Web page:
For Special Immigrant Visa requests, please email

Captivating. Moving. Human. These are just a few words to describe Vijay Gupta’s Trailblazer session on Thursday night, sponsored by Cigna. Vijay Gupta is a violinist, educator, and activist whose efforts to merge music with mental health are changing the world, note by note. His organization, Street Symphony, serves to connect with individuals recovering from homelessness and incarceration through music. He divided up his session by playing several movements composed by Johann Sebastian Bach, and sharing anecdotes from his time playing music at the Patton State Hospital and Skid Row, both in Los Angeles, California.

Gupta opened with speaking about isolation. He stated,

“We are overcome in this time by profound isolation, and mental health issues are facing us in a way that they never have in the past.”

He goes on to share his thoughts on isolation versus solitude, and how as an artist he is always looking for the opportunity to turn his solitude into possible human connections. He explained that current studies show that isolation is as damaging to the human body as smoking fifteen cigarettes a day. 

He spoke about marginalized populations and how they are often more vulnerable to mental health problems that lead them to shelters, clinics, or incarceration. He shared a story about a woman he met at a shelter where his organization was performing. She seemed distressed at first, but upon hearing a song in her native tongue of Swahili she began to sing along and her whole demeanor changed. He ended up speaking to her and she shared her story. The woman said to him, “I never thought I would have to come to a shelter to hear my music, to hear my language sang to me.” Gupta said, “In that moment I saw that individuals we meet in shelters, in clinics, even in county jails and prisons, are more than the worst thing that’s happened to them, and people find a sense of belonging in transcendence. They find a deep soulful medicine in connecting to their story, their lineage, and their history, in the context of a life where they are trying to move forward from their pain.” He added, “They are people who hurt, people who create, and people who cultivate their own sense of belonging.”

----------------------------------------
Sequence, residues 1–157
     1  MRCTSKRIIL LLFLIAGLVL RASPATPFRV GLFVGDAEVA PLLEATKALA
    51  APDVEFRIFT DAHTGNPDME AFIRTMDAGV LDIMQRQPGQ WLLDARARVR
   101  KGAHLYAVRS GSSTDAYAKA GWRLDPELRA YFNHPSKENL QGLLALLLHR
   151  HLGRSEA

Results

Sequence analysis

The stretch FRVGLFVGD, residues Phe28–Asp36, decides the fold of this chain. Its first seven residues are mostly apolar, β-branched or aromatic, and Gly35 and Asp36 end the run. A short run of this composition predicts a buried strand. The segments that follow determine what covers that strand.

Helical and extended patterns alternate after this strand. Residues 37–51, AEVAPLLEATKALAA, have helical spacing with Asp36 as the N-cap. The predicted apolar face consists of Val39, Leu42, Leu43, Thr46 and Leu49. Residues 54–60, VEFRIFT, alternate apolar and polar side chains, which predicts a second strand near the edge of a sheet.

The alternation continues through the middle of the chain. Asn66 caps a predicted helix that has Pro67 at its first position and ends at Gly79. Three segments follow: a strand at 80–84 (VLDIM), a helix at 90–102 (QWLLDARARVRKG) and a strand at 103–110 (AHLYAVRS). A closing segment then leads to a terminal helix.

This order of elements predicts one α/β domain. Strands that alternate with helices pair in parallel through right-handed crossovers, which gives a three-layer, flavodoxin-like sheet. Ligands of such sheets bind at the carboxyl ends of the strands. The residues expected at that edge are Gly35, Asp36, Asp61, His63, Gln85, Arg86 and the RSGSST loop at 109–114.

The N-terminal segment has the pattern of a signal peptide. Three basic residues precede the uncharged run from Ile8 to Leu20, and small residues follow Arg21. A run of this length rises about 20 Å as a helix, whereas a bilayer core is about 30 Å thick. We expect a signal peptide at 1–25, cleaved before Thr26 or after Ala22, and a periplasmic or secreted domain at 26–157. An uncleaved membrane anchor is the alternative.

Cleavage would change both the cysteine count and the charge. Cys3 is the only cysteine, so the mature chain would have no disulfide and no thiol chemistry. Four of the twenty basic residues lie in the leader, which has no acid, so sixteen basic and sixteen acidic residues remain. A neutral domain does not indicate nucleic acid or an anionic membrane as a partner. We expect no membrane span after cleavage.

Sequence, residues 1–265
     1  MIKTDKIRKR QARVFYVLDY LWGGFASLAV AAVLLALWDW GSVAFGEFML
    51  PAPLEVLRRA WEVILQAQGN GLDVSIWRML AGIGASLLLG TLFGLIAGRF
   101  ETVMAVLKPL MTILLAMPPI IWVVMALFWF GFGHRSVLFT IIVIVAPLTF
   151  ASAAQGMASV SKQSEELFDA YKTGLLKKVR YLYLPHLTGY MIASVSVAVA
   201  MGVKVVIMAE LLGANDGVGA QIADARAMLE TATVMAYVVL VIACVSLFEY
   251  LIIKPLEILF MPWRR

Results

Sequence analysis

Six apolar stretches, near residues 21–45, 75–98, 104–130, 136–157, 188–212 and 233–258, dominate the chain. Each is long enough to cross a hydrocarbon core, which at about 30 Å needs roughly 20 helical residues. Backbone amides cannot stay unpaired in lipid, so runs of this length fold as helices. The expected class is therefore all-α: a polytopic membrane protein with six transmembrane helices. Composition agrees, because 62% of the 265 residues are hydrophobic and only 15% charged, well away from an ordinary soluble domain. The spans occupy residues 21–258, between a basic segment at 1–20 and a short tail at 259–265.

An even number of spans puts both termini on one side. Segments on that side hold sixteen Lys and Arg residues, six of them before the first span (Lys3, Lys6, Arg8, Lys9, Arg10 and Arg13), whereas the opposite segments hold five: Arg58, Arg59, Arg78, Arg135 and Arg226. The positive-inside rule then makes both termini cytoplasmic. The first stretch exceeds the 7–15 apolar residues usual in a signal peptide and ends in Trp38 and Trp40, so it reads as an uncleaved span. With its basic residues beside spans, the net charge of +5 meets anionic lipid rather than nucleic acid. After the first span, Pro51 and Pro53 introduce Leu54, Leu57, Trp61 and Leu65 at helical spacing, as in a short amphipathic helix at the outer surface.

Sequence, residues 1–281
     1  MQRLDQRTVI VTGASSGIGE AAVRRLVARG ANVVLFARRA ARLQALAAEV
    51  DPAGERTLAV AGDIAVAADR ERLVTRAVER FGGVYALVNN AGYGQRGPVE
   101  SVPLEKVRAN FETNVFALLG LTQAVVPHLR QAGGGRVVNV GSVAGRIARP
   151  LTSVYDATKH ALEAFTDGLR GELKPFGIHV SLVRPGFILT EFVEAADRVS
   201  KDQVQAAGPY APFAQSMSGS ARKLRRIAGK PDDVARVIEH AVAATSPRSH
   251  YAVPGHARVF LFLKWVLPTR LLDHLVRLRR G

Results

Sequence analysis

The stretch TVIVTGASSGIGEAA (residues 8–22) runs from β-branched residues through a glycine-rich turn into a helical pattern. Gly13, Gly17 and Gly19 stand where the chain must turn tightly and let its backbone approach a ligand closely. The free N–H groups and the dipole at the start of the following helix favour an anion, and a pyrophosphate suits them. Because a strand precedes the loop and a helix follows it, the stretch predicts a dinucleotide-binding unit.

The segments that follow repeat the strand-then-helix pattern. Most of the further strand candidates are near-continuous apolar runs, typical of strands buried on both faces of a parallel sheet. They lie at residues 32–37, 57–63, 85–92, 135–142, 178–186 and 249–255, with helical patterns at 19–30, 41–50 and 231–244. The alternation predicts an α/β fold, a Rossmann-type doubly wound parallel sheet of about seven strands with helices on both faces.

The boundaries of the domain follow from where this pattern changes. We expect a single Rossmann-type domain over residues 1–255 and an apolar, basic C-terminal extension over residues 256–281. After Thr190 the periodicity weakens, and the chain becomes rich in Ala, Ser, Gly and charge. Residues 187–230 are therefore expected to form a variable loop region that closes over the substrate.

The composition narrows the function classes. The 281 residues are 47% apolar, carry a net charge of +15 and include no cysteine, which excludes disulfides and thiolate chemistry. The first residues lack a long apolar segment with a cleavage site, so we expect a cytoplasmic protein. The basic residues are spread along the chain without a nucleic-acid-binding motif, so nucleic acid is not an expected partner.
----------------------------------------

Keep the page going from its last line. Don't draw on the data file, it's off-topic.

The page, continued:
Gupta emphasized the great necessity of the arts during these unprecedented times. He said,

“I believe that we need the arts more than ever, not only as a public health intervention and a mental health intervention, but an intervention for our own healing.”

He also said that all of us are creative people who can take some time to journal, pick up an instrument, or sing as loudly as we want to. Gupta closed with a powerful statement: “Perhaps we must start by seeing and hearing ourselves, by seeing and hearing our own pain and our joy, before we can see, hear, and truly witness what other people need. In that way, we belong to each other by belonging to ourselves. We belong to a common universe.”

Here are more powerful quotes from his session:

  • “My organization, Street Symphony, even before and through COVID, finds that when we engage people from their humanity, they are no longer defined as problems. They are no longer a case to be solved.”
  • “When we started Street Symphony, we started it as a charity. It was a way to bring great joy and music to people who could never afford to sit in a great concert hall. But what we never expected was our own healing.”
  • “In a sense, making music on Skid Row has been a gift to the musicians of Street Symphony. We have encountered a community that defines itself by resilience, but it also defines itself through a connection to art and humanity.”
  • “We ostracize and criminalize the most vulnerable people in our society. We call people fragile and then we push them to the margin.”
  • “I am now going to play for you another movement of Bach’s and what you’ll notice is that there are two constant voices. Sometimes they blossom into four voices, but essentially I am accompanying myself, and this to me is a metaphor of the heartbeat. We’re always accompanying ourselves with the rhythm of our heartbeat, the ongoing pulse of our humanity, which connects us to each other at all times. It's connecting us right now. I invite you to take a breath, close your eyes, and see if you can listen to the pulse of your own internal drumbeat that is always there for you.”
Want More?

Get to know Vijay Gupta more by reading his interview with us prior to his session at UNITE!

Registration for UNITE: A Digital event is still open! All sessions will be available on-demand through December 31, 2020. Register today!